By Bridget Gee

How to Be Smart and Intentional About Our Media Consumption

Art says a lot more about God than we realize. We are made in the image of the original Creator. This means he made us to love beauty, enjoy glorious sound, and be moved by poetry. He wants us to be storytellers. He wants us to be deep and abstract and colorful. We reflect parts of him and his character when we create art. And when we experience art, we get the chance to understand things about this world and him.

In today’s world, art can instantly reach millions of people while making some of the most powerful statements about society and culture or about the deep longings in our souls. It can inspire us into action and make us think deeply about our own perspectives. It should expose something in us: emotion, biases, new passion. 

However, our abilities to create and to be moved by art tend to be buried under the all-access pass we have to all things media. There’s no end to the music, TV, cinema, and images that we can consume. Like with most things, we have taken a good thing and made it an idol. In this age of binge-watching and mindless scrolling, we have become numb to the ways art influences us. 

Now more than ever, there is a prophetic call on our lives as children of the Creator God to be set apart from the ways technology can turn art into an idol. It’s so easy to give in to hours of mindless media consumption and detach from the content itself, especially when it’s sexually explicit or violent. After a while, our senses grow more and more dull, and we can tend to justify consuming music with degrading lyrics or TV shows where murder and selfishness drive the plot lines. But that is not our call.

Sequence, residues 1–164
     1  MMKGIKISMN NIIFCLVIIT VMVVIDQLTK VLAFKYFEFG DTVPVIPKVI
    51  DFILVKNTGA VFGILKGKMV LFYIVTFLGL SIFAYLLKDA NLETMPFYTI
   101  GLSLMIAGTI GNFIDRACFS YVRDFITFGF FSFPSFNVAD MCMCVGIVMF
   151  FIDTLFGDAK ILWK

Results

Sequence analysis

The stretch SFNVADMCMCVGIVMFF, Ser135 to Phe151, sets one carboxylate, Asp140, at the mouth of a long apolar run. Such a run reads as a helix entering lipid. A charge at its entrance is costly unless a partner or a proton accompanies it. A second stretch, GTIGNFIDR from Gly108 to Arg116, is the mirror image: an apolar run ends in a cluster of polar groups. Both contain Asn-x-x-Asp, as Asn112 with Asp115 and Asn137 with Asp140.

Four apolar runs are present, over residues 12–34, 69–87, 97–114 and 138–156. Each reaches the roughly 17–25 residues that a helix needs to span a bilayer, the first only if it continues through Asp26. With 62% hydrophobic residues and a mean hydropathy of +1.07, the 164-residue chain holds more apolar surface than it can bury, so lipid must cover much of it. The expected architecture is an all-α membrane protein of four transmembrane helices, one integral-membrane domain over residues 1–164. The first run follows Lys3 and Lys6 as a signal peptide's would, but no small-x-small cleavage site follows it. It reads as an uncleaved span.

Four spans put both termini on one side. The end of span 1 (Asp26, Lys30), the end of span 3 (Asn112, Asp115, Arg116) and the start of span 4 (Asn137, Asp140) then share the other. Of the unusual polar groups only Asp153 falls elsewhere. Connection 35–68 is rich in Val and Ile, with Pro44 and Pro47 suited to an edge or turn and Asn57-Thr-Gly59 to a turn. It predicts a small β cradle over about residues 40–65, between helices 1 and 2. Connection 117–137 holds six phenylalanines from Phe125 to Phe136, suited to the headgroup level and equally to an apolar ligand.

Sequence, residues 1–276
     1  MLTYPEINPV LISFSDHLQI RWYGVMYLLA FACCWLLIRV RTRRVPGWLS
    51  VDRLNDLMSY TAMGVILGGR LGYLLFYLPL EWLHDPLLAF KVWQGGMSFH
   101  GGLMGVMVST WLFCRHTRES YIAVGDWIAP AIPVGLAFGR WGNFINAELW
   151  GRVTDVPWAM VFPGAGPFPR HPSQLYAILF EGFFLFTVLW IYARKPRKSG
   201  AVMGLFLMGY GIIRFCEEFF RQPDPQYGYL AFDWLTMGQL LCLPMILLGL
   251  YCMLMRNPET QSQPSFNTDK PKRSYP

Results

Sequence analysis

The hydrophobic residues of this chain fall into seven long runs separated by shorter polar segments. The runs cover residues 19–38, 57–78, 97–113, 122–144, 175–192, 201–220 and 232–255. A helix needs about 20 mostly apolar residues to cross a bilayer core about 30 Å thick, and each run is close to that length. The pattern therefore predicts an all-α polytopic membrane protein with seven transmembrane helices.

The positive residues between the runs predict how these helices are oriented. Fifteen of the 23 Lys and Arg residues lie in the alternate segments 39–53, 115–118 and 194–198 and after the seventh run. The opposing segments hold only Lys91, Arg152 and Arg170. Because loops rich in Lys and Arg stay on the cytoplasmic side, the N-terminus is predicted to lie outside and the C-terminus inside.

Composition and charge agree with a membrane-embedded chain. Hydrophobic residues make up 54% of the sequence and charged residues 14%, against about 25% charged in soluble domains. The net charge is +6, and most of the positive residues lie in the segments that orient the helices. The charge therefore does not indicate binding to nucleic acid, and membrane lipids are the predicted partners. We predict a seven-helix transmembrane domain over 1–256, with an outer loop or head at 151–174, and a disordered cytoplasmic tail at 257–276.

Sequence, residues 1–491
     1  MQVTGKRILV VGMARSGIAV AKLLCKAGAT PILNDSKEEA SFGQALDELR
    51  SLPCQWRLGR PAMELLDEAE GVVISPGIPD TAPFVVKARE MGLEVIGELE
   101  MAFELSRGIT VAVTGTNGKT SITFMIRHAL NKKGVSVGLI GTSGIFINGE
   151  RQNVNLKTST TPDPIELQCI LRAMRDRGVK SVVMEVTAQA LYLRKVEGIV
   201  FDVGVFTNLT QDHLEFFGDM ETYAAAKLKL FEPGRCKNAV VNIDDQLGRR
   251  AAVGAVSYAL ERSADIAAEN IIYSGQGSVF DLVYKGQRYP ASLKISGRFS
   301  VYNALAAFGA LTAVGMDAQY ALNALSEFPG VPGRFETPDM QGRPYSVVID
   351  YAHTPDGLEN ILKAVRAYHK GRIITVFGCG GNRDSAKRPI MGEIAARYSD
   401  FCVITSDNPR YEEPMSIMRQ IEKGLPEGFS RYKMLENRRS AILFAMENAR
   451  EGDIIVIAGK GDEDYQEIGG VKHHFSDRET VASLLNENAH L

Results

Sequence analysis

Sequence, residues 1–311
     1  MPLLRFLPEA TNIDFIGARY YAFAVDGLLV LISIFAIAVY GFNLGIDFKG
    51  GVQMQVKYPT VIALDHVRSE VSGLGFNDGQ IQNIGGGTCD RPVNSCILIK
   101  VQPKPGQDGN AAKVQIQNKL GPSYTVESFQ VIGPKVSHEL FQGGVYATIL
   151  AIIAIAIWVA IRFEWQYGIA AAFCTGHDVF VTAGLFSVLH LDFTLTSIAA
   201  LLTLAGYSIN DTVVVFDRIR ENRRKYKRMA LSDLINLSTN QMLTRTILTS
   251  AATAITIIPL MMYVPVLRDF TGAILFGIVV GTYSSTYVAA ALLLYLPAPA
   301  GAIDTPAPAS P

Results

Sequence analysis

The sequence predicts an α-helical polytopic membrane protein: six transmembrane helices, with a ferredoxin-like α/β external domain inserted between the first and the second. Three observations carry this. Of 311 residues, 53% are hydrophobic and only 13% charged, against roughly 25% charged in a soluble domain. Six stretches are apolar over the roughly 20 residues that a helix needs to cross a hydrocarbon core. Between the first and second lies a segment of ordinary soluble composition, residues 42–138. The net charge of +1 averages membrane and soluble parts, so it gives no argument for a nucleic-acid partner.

I am not advocating that we as Christians walk away from the art of this world in order to be set apart. But I do have some suggestions for how we can live responsibly into this call.

1. Let art have an impact. Engage with it deeply.

If you find yourself brushing off violence, profanity, and sex in the media you consume, take a moment to slow down. Turn your heart and your mind back on, and let what you consume move you. The increasing amounts of sex in media should grieve our hearts; we should lament that producers and musicians feel it necessary to tell their stories by selling sex along with them. Sex is sacred and private. We are not meant to revel in the lusts of others’ flesh or watch others engage in sexual activity. Violence and profanity are realities of the world we live in, but they too should turn us to lament that we are a truly broken people who hurt each other and harbor deep anger—people in need of a Savior.  

Note, though, that what you take in will affect you, even if you’ve turned your heart and mind back on while watching it. Pay attention to what’s going on inside you when you’re consuming that award-winning Netflix show. Is it edifying your life? Or does it lead you to sin—even if just in the confines of your mind? Does it change your attitude about life, people, and God for better or for worse? Is it changing you?